Joy of Geometry

Geometry texts are rarely models of exquisite typography, so it is special to see a truly well-laid-out Latin version of Euclid's Elements, Reg.lat.1137, in the latest set of digitizations from the Vatican Library. Menso Folkerts' introduction (on Bill Casselman's website) to the translations offers the basic details:
Euclid's Elements played an important role in the Middle Ages, rivalled in the legacy of Greek science ... perhaps only by Ptolemy's Almagest. For a long time, Euclid's text was represented only by fragments reputed to have originated in a translation by the late Roman philosopher Boethius. And during these early years it is almost certain that its true significance was not appreciated. 
But in the twelfth century it was introduced in its complete form along with other remnants of Greek science through the medium of translations from the Arabic. There seem to have been a very small number of independent translations, but the first six books of the Elements became part of the basic curriculum of that time, and copies spread throughout Europe. Many manuscripts from this period are still to be found among collections today. Most are rather drab productions when compared to the fancier manuscripts of that time ...

This 13th-century codex contains a translation from the Arabic commonly ascribed to Adelard of Bath. What's impressive as a matter of book history is the strict columnar layout, the variation in text size, the conscious manipulation of white space, the inviting optics of the drawings. Everything gives the impression of a well-designed modern book, though this particular one is obviously unfinished, since the space left for the illuminated initials (example above) remains empty.

Here is the full list of the digitizations of the past four weeks:
  1. Patetta.683
  2. Reg.lat.120
  3. Reg.lat.128
  4. Reg.lat.156
  5. Reg.lat.241
  6. Reg.lat.924
  7. Reg.lat.934
  8. Reg.lat.967
  9. Reg.lat.978
  10. Reg.lat.989
  11. Reg.lat.991, lawbook used at the chancery of the Carolingian court. Rosamond McKitterick argues this codex is one of the corrected masters from which copies of the legal codes were made for the use of officials and clergy in the provinces. With the Lex Ribvaria (B 16, with the best text), Alemanorum, Baiuuariorum and the Epitome Aegidiana (Charlemagne's regulations relating to the Lex Baiuuariorum). See Bibliotheca Legum.
  12. Reg.lat.1004, a general medical text of the 13th century with Hippocratic and pseudo-Hippocratic writings. From folio 94v, a text beginning: Ad compaginem membrorum ...
  13. Reg.lat.1006, De Planctu Naturae by Master Alan of Lille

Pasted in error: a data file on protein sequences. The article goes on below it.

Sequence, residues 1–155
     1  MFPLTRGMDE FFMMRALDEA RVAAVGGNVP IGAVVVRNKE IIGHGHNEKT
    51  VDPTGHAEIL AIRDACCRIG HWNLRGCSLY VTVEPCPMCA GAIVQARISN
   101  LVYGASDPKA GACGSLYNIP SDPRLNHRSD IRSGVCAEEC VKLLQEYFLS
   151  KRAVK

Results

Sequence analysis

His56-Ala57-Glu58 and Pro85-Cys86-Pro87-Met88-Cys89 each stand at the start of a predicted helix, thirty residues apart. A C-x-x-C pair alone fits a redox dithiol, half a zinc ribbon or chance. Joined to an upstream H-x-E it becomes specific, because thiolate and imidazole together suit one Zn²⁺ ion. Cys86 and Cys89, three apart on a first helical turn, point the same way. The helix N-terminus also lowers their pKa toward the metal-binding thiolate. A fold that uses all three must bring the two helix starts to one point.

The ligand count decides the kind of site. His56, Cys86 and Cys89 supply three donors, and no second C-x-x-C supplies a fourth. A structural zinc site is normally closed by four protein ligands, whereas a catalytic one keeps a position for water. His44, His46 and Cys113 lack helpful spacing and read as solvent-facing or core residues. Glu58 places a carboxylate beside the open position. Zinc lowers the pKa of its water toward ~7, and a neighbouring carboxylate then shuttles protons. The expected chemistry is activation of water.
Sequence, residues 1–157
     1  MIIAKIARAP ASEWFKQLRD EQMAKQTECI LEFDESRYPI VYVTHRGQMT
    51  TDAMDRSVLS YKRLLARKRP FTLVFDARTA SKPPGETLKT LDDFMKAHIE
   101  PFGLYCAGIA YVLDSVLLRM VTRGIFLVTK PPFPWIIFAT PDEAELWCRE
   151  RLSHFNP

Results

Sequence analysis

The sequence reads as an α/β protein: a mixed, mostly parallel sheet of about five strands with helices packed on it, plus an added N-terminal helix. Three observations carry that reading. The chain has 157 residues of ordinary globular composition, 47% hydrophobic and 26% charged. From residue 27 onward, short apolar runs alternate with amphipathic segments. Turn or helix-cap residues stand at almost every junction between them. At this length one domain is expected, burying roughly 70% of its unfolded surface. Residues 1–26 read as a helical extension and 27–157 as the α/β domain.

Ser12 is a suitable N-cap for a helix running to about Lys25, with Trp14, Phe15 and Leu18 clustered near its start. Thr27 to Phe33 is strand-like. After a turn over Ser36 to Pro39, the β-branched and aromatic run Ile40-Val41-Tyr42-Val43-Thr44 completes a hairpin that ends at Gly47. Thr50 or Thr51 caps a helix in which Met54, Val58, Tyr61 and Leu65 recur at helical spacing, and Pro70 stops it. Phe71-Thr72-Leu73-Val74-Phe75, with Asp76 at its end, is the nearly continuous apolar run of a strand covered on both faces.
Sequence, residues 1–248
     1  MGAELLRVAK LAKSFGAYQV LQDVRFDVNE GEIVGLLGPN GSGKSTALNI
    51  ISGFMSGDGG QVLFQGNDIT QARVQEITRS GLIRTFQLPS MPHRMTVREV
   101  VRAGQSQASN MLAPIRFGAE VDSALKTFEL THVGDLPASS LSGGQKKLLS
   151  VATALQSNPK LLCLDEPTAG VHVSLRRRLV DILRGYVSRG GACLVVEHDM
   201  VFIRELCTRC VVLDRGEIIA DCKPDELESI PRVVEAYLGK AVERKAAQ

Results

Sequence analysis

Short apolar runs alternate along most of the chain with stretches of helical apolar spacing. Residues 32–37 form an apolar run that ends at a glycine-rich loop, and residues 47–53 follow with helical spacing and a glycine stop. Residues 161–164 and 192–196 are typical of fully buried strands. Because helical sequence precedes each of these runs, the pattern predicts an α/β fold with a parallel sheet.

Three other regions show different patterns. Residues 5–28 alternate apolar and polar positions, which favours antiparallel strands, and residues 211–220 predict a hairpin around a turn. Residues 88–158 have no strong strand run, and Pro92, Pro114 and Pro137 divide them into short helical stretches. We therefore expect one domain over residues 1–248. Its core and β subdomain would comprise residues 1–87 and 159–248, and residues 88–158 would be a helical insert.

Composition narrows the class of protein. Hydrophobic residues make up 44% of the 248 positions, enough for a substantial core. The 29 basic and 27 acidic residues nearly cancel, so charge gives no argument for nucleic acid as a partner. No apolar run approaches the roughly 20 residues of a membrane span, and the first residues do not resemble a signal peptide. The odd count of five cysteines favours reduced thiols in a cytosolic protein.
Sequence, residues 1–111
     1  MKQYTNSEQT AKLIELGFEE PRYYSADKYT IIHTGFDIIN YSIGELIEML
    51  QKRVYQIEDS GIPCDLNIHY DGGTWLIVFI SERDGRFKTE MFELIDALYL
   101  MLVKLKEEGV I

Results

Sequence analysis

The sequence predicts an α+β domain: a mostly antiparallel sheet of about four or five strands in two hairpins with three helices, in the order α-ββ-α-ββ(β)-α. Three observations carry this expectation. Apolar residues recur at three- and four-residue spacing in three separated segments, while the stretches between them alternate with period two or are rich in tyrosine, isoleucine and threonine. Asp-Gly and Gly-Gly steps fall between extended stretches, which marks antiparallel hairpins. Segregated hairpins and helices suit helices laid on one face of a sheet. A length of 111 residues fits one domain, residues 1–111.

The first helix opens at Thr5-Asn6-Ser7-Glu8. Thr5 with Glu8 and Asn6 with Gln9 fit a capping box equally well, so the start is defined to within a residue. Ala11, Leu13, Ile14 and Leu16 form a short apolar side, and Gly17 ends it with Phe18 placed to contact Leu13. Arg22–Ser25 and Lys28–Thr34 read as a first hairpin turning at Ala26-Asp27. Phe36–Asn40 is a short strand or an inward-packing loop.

14. Reg.lat.1007
  15. Reg.lat.1009
  16. Reg.lat.1012,,The last folio is the beginning of the geometrical text De conicis (Cum continuatur inter punctum aliquod et lineam) (12c-13c) by Gerard of Cremona, translated from Apollonius of Perga. This diagram is on the first folio:
  17. Reg.lat.1017
  18. Reg.lat.1019
  19. Reg.lat.1022, the Mistère du Siège d’Orleans
  20. Reg.lat.1025, Rule of St Benedict begins this handbook of Geoffroy de Vendôme (1093-1132)
  21. Reg.lat.1033
  22. Reg.lat.1036, one might term this gorgeous codex a fat-cat lawyer's handbook, where every heading and keyword is illuminated to aid memorization, rather like a hyperlinked text:
  23. Reg.lat.1037
  24. Reg.lat.1039
  25. Reg.lat.1042
  26. Reg.lat.1043
  27. Reg.lat.1076
  28. Reg.lat.1078
  29. Reg.lat.1137 , Euclid's Elements, above
  30. Reg.lat.1174
  31. Reg.lat.1215
  32. Sbath.642
  33. Urb.lat.116
  34. Urb.lat.1091
  35. Urb.lat.1258
  36. Urb.lat.1619
  37. Urb.lat.1646
  38. Urb.lat.1647
  39. Urb.lat.1648
  40. Vat.arm.11
  41. Vat.lat.277
  42. Vat.lat.713
  43. Vat.lat.1380
  44. Vat.lat.1428
  45. Vat.lat.1429
  46. Vat.lat.1456
  47. Vat.lat.1721
  48. Vat.lat.1747
  49. Vat.lat.1850
  50. Vat.lat.1852
  51. Vat.lat.1857
  52. Vat.lat.1867
  53. Vat.lat.1889
  54. Vat.lat.1891
  55. Vat.lat.1901
  56. Vat.lat.1902
  57. Vat.lat.1911
  58. Vat.lat.1913
  59. Vat.lat.1914
  60. Vat.lat.1919
  61. Vat.lat.1920
  62. Vat.lat.1921
  63. Vat.lat.1924
  64. Vat.lat.1928
  65. Vat.lat.1931
  66. Vat.lat.1933
  67. Vat.lat.1966
  68. Vat.lat.1977
  69. Vat.lat.1978
This is Piggin's Unofficial List number 126. If you have corrections or additions, please use the comments box below. Follow me on Twitter (@JBPiggin) for news of more additions to DigiVatLib.

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